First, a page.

I knew the assisted living facility was wrong for her. I would often find her doing nothing, sitting on the edge of the bed in a darkened apartment. She had no visitors. She claimed that the place was too far out (and it was, because her friends don't drive anymore). She complained that no one socialized at lunch. (They didn't. I sat at the table with them.)
"Where are they going? What do they have to do? They're not going anywhere," she would say when they got up and left immediately after eating.
She perked up when we took her to her house, where she had lived practically forever. There were Things She Had to Do.
It might have been different if she'd had home care, if she had been in her own home with her own things
I intervened last month at the assisted living facility when I learned that her primary doctor had recommended hospitalization and this request had been ignored by her caregiver. The assisted living facility nurses claimed they hadn't known about it.
"She has failure to thrive," they said. "We see a lot of this."
She was covered with bruises from falling. She had become too frail to get up by herself or go to the bathroom alone. She had lost 15 pounds in two weeks. Her weight loss was the result of a serious health problem, not "failure to thrive."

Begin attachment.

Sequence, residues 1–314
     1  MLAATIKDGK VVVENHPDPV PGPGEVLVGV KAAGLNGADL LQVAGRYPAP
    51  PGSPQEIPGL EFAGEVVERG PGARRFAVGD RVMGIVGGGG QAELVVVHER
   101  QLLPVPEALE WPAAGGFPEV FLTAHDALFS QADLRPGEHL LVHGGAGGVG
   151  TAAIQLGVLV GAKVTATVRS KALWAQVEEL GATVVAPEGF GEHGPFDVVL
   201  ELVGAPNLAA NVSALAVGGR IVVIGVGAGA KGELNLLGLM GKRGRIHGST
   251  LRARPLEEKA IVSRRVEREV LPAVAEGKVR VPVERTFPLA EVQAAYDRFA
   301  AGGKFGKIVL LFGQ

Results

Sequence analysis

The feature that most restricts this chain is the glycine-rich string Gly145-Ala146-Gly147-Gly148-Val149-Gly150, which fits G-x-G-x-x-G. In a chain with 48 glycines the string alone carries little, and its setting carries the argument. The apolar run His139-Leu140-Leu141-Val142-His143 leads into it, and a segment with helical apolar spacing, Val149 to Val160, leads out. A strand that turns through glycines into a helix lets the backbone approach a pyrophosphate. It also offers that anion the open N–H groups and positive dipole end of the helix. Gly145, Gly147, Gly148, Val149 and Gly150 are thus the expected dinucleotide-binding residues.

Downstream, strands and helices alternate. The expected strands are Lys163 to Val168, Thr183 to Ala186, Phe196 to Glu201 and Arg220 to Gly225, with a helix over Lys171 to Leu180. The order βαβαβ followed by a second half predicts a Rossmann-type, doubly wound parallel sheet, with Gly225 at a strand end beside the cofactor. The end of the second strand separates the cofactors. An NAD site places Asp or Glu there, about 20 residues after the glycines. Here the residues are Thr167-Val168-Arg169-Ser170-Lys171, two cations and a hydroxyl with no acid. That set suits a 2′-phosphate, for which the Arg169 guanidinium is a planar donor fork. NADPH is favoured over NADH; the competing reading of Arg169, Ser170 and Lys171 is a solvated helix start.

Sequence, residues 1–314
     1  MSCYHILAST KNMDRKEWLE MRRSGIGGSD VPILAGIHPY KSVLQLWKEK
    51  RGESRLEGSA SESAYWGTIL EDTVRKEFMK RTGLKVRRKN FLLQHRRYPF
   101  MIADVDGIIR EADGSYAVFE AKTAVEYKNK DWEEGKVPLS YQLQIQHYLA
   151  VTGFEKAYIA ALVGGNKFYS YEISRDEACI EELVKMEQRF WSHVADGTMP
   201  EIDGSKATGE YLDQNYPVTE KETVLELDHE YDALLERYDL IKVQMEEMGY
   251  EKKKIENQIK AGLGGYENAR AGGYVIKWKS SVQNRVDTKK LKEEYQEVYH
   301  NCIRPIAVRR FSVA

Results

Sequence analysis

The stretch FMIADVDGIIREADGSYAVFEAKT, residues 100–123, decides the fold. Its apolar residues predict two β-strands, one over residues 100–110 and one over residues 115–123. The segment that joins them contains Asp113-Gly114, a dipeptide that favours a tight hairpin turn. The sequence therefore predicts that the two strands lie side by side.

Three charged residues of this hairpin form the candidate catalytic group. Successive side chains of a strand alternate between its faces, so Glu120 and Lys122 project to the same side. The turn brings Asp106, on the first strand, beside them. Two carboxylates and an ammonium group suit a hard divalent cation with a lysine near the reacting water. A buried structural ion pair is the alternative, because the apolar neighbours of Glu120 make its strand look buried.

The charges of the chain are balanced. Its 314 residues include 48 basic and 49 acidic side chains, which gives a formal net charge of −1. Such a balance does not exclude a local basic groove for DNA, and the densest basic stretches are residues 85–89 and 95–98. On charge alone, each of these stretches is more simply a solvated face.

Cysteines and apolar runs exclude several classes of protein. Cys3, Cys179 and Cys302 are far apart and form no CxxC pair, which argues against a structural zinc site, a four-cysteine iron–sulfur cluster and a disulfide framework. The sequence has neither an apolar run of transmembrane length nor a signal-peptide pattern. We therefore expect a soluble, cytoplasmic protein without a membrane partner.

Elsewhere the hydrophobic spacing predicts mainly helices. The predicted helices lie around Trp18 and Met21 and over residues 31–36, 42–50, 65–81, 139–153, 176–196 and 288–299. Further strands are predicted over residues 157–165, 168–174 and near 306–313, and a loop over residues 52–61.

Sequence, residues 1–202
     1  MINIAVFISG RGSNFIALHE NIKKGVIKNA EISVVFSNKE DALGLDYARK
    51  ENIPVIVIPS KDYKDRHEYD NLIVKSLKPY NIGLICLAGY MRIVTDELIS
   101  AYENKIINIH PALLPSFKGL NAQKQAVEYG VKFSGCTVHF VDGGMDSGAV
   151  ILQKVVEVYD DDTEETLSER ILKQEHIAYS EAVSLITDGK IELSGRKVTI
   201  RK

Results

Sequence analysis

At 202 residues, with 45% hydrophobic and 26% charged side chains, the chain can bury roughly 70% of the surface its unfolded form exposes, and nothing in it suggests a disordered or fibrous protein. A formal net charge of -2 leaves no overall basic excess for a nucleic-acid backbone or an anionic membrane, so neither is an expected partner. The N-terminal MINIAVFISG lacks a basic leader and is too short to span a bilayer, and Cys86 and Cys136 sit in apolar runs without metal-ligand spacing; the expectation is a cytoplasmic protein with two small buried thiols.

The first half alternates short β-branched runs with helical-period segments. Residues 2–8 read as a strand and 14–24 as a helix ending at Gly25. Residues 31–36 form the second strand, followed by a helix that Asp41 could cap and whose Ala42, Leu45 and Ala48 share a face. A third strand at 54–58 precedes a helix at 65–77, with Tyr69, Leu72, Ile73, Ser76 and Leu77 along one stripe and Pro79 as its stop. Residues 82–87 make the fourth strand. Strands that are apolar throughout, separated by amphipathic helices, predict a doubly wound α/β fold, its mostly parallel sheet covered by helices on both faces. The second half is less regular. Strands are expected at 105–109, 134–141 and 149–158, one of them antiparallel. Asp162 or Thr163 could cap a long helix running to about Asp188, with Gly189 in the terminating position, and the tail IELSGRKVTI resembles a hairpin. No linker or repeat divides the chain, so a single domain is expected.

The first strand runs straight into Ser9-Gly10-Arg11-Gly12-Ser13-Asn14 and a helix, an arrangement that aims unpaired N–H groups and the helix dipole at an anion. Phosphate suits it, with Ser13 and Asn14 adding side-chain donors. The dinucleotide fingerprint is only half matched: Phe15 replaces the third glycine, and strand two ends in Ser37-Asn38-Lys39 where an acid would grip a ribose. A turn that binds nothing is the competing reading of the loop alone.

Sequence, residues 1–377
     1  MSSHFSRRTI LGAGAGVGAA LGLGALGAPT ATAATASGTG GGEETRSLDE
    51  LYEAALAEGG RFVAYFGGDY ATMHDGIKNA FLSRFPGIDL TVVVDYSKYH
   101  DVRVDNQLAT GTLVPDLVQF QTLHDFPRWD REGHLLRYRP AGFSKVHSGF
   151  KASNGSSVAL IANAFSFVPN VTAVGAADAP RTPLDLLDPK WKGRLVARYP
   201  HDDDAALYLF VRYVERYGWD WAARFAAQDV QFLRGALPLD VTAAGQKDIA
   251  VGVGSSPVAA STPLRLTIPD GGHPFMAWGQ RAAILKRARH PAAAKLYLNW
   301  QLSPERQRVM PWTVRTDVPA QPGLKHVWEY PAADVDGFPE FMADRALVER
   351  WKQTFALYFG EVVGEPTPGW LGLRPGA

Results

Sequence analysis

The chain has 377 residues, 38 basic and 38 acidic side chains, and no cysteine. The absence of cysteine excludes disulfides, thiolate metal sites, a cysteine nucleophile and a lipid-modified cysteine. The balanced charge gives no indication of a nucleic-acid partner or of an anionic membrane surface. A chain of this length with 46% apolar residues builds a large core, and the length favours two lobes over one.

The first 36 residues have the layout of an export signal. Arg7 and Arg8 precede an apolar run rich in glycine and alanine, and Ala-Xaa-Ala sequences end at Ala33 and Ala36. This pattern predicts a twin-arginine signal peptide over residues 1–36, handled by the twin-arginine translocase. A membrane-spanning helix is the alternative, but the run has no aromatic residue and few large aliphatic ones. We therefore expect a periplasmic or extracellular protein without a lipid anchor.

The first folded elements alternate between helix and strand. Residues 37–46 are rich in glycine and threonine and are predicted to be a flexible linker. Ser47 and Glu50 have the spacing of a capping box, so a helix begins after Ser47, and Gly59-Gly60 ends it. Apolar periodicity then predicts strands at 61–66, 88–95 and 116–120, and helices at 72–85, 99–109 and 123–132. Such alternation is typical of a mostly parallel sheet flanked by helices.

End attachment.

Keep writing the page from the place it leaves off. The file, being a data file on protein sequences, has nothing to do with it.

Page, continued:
It was a case of severe neglect. And she ended up in the hospital.
After much coaxing and detailed documenting of problems via email, I persuaded her caregiver to consider a nursing home--thank God, we thought--but it proved to be too much trouble for him. Like someone out of Middlemarch, he thought our offers to help were some kind of power gambit.
After the hospitalization, he returned her to the assisted living facility.
She fell at night. No RNs after 6:00. This facility was designed for people who are much more mobile. Was she able to push her emergency button?
And so she had surgery.
But it is horrifying to see what goes on in the system of eldercare. The problems are common; many families have the same frightening experiences; and unfortunately there is no regulation for assisted living facilities. They may be fine for people who don't need too much assistance, but unfortunately many are owned by development and real estate companies, and care varies.
Two books that have really helped me: The Good Caregiver by Robert L. Kane, M.D., and A Bittersweet Season by Jane Gross.
It is very important to do the research, no one knows this world until they're in it, and these books are superb.